Towards a political theology of nature

So far, I have argued for a philosophical theology of nature in a political-ideological key. The transcendentals of becoming, unity, sociality and openness articulate the common realm in which God, nature and humanity are mutually yet asymmetrically related. As part of the same argument, homogeneity is ruled out: difference in God requires differentiation of the world; worldly distinctions require the concept of a self-related God. The terminology of'ground', 'activity' and 'force' emerged as important at this point.

The world has its ground in the activity of God. Following a Christolog-ical clue, I have interpreted such a ground in terms of sociality: the stability of the world resides in its social, yet always contingent, relations. The irreducible interrelationality of all things is best worked out within a conceptuality of the social. To further explicate the social ground of the world in God, I draw on the categories oftemporality and spatiality. This theme, construed Christologically as dynamic encounter, is the subject of chapter 7.

57. Gare, Postmodernism and theEnvironmental Crisis, p. 161.

58. Joel Kovel, 'On the Notion of Human Nature: A Contribution toward a Philosophical Anthropology', in Stanley B. Messer, Louis A. Sass and RobertL. Woolfolk (eds.), Hermeneutics and Psychological Theory-Interpretive Perspectives on Personality, Psychotherapy, and Psychopathology (New Brunswick and London: Rutgers University Press, 1988), pp. 370-99.

The activity of God both differentiates and yet holds together: God is both alpha and omega. This activity of God is a force for alteration: the renewal of the social. Thus the activity of God is to be understood in terms of movement and dynamism towards the intensification of true dependencies. This theme, construed pneumatologically as fellowship, is the subject of chapter 8.

The movements of the social, temporal and spatial are to be described as the un/natural relations of the common realm. What does 'un/natural' mean.? The term 'un/natural', which accrues developed theological content in part III, operates as a contrasting term to 'natural' and 'non-natural'. Against reductionist tendencies to interpret humanity as conforming to nature or as separate from nature, I offer here a richer ontology of the ecosocial. And this ecosocial ontology is richer because it is an ontology shaped in response to the activity ofGod as ground and force.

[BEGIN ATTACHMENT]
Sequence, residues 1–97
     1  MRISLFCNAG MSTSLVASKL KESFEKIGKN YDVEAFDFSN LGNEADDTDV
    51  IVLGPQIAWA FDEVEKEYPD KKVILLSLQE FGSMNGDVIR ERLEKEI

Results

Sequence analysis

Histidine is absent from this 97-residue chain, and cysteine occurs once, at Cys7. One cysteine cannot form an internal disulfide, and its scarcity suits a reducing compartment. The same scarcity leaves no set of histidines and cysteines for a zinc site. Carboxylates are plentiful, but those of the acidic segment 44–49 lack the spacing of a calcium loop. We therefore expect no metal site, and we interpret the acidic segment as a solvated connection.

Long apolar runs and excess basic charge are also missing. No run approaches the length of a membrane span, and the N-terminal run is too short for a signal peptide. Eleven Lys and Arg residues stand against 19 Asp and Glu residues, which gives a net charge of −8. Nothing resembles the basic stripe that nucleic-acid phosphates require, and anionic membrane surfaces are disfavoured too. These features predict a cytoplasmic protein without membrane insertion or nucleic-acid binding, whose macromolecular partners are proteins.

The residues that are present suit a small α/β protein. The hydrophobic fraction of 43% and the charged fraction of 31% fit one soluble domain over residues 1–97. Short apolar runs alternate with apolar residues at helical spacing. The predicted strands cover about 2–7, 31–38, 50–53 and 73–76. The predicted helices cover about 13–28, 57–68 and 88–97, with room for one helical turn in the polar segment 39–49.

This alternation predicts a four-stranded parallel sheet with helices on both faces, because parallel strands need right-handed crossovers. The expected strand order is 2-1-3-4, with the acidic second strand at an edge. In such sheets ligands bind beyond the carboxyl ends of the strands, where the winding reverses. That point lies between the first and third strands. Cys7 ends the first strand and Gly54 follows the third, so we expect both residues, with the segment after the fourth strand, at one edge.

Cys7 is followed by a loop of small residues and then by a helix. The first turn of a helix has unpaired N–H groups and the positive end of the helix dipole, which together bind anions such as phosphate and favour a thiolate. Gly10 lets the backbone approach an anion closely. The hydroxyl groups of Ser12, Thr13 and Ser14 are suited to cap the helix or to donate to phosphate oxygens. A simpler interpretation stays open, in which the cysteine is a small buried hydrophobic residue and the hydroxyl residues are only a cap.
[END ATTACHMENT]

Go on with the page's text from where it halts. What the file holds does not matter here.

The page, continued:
I anticipate here a certain type of pragmatic and sceptical response: how does the discourse of sociality, temporality and spatiality assist in thinking about un/natural relations? For example: if, struck by its beauty, I gaze ata starry night sky - how is this reaction to 'nature' analysable by the conceptuality I am offering through this book? In response, I should say that my argument moves at the level of fundamental theological categories. But such an answer, although necessary, is not sufficient.

So consider this: what account of un/natural relations is presupposed by an aesthetic reaction to a natural occurrence? Is a sense of insignificance occasioned by looking at the night sky a more appropriate reaction than regarding myself as a microcosm faced by a macrocosm? A curious song lyric by Sting makes my point: 'I took a walk alone last night /1 looked up at the stars / To try and find an answer in my life . . . Something made me smile / Something seemed to ease the pain / Something about the universe and how it's all connected.'59 On what grounds is this reading of the universe as source of solace to be preferred to the universe as source of alienation? What sorts ofsocial relations engender such different aesthetic responses and are reproduced through them? We probably think that such responses are 'timeless' - but are they? Do they have a precise history in culture, religions and theory? How do such responses assist in the identification of the material processes by which Western humanity employs non-human nature (and other humans)? Is there aliberative connection between such a sensibility and praise of the triune God?